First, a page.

NELA Livable Streets Roundup – June 2018

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Pic of the month: Arguably the best protected bike lane in all of Los Angeles can now be found on South Figueroa Street in Downtown LA.

As we hit the halfway mark in the year, several modest livability improvements surfaced seemingly out of nowhere. Is it coincidence or a sign of growing momentum?

Alhambra Avenue Safety Road Diet Completed

The biggest news this month is NELA livability has to be the completion traffic safety improvements made to Alhambra Avenue between Lowell Avenue and Brawley Street (1.25 miles) in El Sereno. (We hope to do a more detailed post about this project in the coming days). For those not familiar with the project, the package of improvements include:

  • Traffic signal, crosswalk, and curb extension at Lowell Avenue
  • Flashing crosswalk at Hollister Avenue
  • Upgrading all existing crosswalks to high visibility markings
  • Bike lanes
  • Dedicated center turn lane
  • Speed feedback sign
  • New sidewalk next to El Sereno Arroyo Park

What remains most fascinating about this particular project is the urgency and smart coordination with which it was implemented. The first in a series of community meetings for the project was hosted in March 2017. Just over a year later, the project was completed in tandem with routine street resurfacing, which means the bike lanes, crosswalk upgrades, and center turn lane all were achieved for free since the street gets re-striped when it is resurfaced anyway.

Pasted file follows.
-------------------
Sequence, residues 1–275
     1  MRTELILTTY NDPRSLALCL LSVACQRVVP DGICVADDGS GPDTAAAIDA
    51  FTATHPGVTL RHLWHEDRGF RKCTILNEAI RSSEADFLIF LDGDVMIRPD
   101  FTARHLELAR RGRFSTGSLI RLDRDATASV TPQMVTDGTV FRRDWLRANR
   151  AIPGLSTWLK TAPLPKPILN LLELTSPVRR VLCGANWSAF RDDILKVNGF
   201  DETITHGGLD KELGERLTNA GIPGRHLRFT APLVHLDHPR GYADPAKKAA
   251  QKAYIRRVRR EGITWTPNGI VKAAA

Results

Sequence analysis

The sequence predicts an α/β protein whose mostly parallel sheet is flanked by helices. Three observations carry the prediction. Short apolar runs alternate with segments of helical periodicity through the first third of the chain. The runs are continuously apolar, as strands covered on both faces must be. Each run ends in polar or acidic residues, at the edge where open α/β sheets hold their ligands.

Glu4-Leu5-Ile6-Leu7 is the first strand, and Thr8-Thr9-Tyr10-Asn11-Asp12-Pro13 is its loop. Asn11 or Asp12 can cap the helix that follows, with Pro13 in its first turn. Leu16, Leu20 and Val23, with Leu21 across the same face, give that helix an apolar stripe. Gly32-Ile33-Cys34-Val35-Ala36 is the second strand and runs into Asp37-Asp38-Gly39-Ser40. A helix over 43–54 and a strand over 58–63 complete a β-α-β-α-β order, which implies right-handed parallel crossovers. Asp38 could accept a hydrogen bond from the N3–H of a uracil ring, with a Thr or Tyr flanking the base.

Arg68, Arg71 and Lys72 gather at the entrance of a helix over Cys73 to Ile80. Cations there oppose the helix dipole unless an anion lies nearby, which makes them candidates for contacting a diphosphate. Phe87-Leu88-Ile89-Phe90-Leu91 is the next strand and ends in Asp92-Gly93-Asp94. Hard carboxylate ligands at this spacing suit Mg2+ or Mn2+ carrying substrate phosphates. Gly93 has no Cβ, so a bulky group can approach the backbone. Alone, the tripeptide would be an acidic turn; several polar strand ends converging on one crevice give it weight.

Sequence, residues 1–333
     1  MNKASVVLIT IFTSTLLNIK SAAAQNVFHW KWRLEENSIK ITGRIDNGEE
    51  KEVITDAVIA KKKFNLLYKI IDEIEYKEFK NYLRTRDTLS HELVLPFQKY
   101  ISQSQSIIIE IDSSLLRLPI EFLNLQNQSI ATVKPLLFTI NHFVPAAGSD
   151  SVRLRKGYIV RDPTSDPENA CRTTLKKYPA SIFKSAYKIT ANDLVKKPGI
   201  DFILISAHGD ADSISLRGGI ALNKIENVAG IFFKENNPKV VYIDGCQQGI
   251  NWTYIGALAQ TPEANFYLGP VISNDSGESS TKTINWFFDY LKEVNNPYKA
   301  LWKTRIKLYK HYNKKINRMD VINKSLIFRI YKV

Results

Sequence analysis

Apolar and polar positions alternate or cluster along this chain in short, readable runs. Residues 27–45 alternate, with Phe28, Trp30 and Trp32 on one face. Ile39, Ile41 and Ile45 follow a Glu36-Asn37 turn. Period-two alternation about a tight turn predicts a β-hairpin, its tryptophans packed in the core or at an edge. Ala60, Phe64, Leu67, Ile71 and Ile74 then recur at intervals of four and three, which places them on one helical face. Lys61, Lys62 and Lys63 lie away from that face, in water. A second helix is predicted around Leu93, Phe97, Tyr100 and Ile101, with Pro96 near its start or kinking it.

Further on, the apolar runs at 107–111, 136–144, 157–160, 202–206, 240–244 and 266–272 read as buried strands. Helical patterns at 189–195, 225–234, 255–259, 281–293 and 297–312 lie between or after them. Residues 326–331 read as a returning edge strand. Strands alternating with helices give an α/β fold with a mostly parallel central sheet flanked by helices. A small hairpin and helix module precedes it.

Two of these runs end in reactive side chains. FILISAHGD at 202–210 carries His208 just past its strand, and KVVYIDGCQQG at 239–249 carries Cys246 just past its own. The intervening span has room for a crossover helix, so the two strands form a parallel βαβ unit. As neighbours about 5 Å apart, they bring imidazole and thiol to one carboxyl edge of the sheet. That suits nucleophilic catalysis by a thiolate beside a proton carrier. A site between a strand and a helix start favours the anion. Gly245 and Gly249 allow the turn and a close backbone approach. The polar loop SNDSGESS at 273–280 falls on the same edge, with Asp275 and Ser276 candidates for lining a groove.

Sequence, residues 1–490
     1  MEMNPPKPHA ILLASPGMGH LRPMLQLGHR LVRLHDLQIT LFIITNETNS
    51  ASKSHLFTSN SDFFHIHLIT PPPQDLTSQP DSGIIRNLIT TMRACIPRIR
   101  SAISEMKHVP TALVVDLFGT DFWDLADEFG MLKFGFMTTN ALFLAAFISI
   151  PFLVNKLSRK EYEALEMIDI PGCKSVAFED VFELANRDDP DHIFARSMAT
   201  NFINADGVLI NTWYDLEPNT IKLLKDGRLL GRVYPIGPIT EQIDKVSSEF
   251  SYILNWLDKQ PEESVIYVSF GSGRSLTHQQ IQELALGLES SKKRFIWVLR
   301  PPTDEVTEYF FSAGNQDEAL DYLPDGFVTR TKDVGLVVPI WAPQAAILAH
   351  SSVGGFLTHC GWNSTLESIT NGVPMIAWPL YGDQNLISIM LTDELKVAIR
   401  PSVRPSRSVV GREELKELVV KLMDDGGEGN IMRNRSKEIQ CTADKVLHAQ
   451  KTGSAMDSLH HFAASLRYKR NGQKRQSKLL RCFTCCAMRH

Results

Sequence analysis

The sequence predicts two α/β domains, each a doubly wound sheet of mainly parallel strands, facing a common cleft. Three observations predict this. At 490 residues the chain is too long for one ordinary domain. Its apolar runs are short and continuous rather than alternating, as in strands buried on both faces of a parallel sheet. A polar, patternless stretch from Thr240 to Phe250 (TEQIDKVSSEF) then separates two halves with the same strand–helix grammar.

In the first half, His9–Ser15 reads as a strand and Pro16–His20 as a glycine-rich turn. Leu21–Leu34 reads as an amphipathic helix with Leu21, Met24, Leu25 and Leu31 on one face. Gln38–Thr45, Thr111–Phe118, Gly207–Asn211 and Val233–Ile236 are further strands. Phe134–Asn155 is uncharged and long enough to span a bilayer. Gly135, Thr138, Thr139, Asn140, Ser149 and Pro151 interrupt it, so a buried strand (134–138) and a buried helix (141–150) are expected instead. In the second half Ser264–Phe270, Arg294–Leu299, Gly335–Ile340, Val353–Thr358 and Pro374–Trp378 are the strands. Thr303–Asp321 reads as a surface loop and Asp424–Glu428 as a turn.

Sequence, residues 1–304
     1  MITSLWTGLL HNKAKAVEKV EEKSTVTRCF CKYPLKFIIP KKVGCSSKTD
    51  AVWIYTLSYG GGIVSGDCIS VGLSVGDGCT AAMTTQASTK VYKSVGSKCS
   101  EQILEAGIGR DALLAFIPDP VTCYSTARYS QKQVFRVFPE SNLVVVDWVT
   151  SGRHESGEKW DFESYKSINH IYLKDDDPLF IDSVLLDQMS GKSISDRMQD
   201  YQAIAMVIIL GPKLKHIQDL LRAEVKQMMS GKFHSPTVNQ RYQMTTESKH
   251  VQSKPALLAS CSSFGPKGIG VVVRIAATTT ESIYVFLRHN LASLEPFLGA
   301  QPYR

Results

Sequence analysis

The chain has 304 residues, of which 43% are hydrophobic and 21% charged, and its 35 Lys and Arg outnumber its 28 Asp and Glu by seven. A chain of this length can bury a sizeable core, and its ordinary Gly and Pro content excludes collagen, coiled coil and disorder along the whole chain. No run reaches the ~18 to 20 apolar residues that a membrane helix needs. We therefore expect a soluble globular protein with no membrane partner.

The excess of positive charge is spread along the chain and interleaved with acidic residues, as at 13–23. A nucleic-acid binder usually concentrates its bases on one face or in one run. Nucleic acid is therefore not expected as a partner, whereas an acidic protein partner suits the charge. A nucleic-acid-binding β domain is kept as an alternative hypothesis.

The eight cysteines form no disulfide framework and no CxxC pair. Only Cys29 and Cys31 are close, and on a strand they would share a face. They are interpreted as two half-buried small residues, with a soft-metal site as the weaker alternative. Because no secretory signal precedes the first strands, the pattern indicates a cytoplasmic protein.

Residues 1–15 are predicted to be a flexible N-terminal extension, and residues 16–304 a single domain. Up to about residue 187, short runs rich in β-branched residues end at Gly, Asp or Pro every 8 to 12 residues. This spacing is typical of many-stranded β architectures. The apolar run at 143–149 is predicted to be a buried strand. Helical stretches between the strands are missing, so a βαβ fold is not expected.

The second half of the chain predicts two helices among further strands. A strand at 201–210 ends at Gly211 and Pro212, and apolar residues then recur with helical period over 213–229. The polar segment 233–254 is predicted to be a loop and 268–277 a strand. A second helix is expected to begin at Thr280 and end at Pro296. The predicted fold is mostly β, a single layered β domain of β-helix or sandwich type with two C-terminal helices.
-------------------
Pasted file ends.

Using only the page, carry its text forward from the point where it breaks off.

“My Figueroa” (Partially) Protected Bike Lanes A Reality

In Downtown LA the most high-profile bike lane project that has been in the works for roughly a decade is finally (mostly) completed. Although there are continuity gaps, there are now bike lanes along Figueroa between 7th Street and Exposition Boulevard by USC, part of a project known as “My Figueroa.” The design is far from perfect but was a huge undertaking and will finally provide safer accommodation for people walking and biking along the Figueroa corridor. In contrast to the Alhambra Avenue project, My Figueroa has dragged its feet and cost over $1 million per mile. Our view is that we should focus more on the cheap, nimble Alhambra Avenue type projects that can be implemented at a rate of 10 to 1. Yes, the gold-plated My Figueroa is a nice addition, but at what cost? There are hundreds of miles of streets that need safety improvements and the only way such can be realized is through swift implementation of re-painting streets.